Saturday, 7 June 2014

June Meeting - Dark Matter

The June meeting was held at our usual venue - the Letterston Memorial Hall & at the usual 1st Tuesday of the month at 7.00.p.m.

22 attended - several of our regulars couldn't make it this time including Andrew, Liz, Brian, Rob and Nathan to name a few.
We did have 2 new attendees - Mike and his wife (regret I missed her name) from Neyland.

Rob has intimated that he is to put the material from the main lecture on the website so check for it here:
click here

Hence as from this post I will be omitting the main lecture thoughts.

Other lecture material will be posted on the website from time to time.

The "What's Up in June" item is reproduced in slide form below and notes related to the slides are there also.


June2-4.  Mercury visible about 45 mins after sunset given a low horizon.
Fading from +1.2 to +3.4 (on the 11th). Lost to view as it moves towards inferior conjunction
(lying between the Earth & Sun) on 19th.
Looking  East before dawn (30 mins). Venus, shining at mag.~ -3.9 and lying between the Pleiades & Hyades clusters in Taurus, will be seen ~2.5 degrees to the left of a thin crescent Moon.
If you have yet to spot Saturn through a telescope, it’s still well placed in the sky especially around midnight. If you can draw your attention away from the beautiful rings, see if you can spot Saturn’s largest and brightest moon, Titan at its greatest elongation - that is its greatest distance from the planet- on the 7th of the month.
Magnitude 8.2 – visible in binoculars held steady.
A small telescope will show the rings with a magnification of x25 and one of 6-8 inches aperture with a magnification of ~x200 with good “seeing” (calm atmosphere) will show Saturn and its ring system in its full glory.
As Saturn rotates quickly with a day of just 10.5 hours, its equator bulges slightly so it appears a little squashed.
Like Jupiter, it does show belts but their colours are muted in comparison.
These are 2 good nights to observe an interesting feature on the Moon if you have a small telescope.
Close to the limb (on 6th) is the Appenine mountain chain that marks the edge of Mare Imbrium.
Toward the upper end you should see the cleft across them called the Alpine alley. It is about 7 miles wide and 79 miles long. As shown in the image a thin rill runs along its length which is challenging to observe. Over the next 2 nights the dark crater Plato & the young crater Copernicus will come into view.
2 G.C’s in Hercules – M13 & M92 are impressive
Lyra  is dominated by its brightest star, Vega, the 5th brightest star in the sky. It is a blue-white star having a magnitude of 0.03 and lies 26 light years away.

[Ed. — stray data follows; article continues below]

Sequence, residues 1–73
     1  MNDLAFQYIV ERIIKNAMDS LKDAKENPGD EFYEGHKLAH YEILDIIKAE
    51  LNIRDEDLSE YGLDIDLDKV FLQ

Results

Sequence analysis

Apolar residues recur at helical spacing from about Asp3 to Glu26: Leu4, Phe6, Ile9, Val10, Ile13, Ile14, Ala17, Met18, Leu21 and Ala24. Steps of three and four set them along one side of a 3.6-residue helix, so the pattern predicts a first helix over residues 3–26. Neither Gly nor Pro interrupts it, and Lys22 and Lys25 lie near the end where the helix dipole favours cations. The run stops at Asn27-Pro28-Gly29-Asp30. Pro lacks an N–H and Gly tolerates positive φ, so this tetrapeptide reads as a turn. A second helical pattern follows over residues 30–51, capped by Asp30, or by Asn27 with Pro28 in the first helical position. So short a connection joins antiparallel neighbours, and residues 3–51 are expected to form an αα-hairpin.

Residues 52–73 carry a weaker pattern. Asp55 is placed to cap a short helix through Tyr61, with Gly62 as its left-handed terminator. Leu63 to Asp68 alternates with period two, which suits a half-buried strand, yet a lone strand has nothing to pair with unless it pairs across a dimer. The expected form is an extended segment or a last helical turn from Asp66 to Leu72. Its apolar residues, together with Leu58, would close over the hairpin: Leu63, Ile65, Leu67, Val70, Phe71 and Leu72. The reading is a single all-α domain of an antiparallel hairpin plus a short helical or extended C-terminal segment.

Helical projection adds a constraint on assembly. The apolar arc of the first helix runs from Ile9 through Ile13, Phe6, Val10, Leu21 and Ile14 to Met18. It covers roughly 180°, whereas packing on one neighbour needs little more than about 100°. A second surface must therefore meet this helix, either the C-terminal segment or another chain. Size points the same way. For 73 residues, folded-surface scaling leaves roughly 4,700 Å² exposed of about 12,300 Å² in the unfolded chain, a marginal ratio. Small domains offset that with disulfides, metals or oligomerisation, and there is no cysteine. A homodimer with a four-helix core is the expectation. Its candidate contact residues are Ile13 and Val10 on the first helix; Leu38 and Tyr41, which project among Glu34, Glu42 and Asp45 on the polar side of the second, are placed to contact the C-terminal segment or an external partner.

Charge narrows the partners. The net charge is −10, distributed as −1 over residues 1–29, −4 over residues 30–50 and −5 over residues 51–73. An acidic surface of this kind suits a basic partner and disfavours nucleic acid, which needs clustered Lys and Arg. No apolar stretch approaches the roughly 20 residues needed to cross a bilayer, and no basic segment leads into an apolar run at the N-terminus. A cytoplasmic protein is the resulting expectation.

There is a lovely double star called Epsilon Lyrae up and to the left of Lyra. Binoculars will show them up easily.
A telescope shows that each of the two stars is a double star as well so it is called a double double!
Cygnus, the Swan, is sometimes called the Northern Cross. Deneb, the Arabic word for “tail” is a 1.3 magnitude star that marks the tail of the swan. It is nearly 2000 light years away and appears so bright only because it gives out around 80,000 times as much light as our Sun. If Deneb were as close as Sirius it would appear as brilliant as the half moon and the sky would never be really dark when it was above the horizon.
Albireo which marks the head of the swan is much fainter and a beautiful sight in a small telescope – slide 10.
M56 is an 8th magnitude globular cluster visible in binoculars. Slide 10 also.
M57 is a planetary nebula – so called because in a telescope they show a disc –like planets. They are, in fact, remnants of stars that have come to the end of their life and have blown off a shell of dust and gas around them.
Brocchi’s Cluster is an easy object to spot with binoculars – often called “the Coathanger” although it appears upside down in the sky. Follow down the neck of the swan to Albireo then sweep down and to its lower left
Albireo is made of two stars – one is amber and the other green which provide a wonderful colour contrast. With magnitudes 31 and 5.1 they are regarded as the most beautiful double that can be seen in the sky.
There is a beautiful region of nebulosity up and to the left of Deneb which is visible in binoculars in a dark and clear sky. Photographs show an outline that looks like N America – hence the name.... 

11 & 12 Noctilucent Clouds

Just one picture to conclude with -this is Peter giving out the latest FAS newsletter.

I hope you like this format - I can't guarantee it will always look like this but variety is .........